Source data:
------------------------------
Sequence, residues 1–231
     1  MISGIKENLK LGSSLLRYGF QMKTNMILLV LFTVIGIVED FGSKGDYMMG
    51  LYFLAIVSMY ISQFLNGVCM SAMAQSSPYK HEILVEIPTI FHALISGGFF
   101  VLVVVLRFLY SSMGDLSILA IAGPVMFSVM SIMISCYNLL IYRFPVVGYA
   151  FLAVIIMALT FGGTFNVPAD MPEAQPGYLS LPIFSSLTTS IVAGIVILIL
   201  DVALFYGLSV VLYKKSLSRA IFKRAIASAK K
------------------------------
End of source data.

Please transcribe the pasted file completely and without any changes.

Sequence, residues 1–231
     1  MISGIKENLK LGSSLLRYGF QMKTNMILLV LFTVIGIVED FGSKGDYMMG
    51  LYFLAIVSMY ISQFLNGVCM SAMAQSSPYK HEILVEIPTI FHALISGGFF
   101  VLVVVLRFLY SSMGDLSILA IAGPVMFSVM SIMISCYNLL IYRFPVVGYA
   151  FLAVIIMALT FGGTFNVPAD MPEAQPGYLS LPIFSSLTTS IVAGIVILIL
   201  DVALFYGLSV VLYKKSLSRA IFKRAIASAK K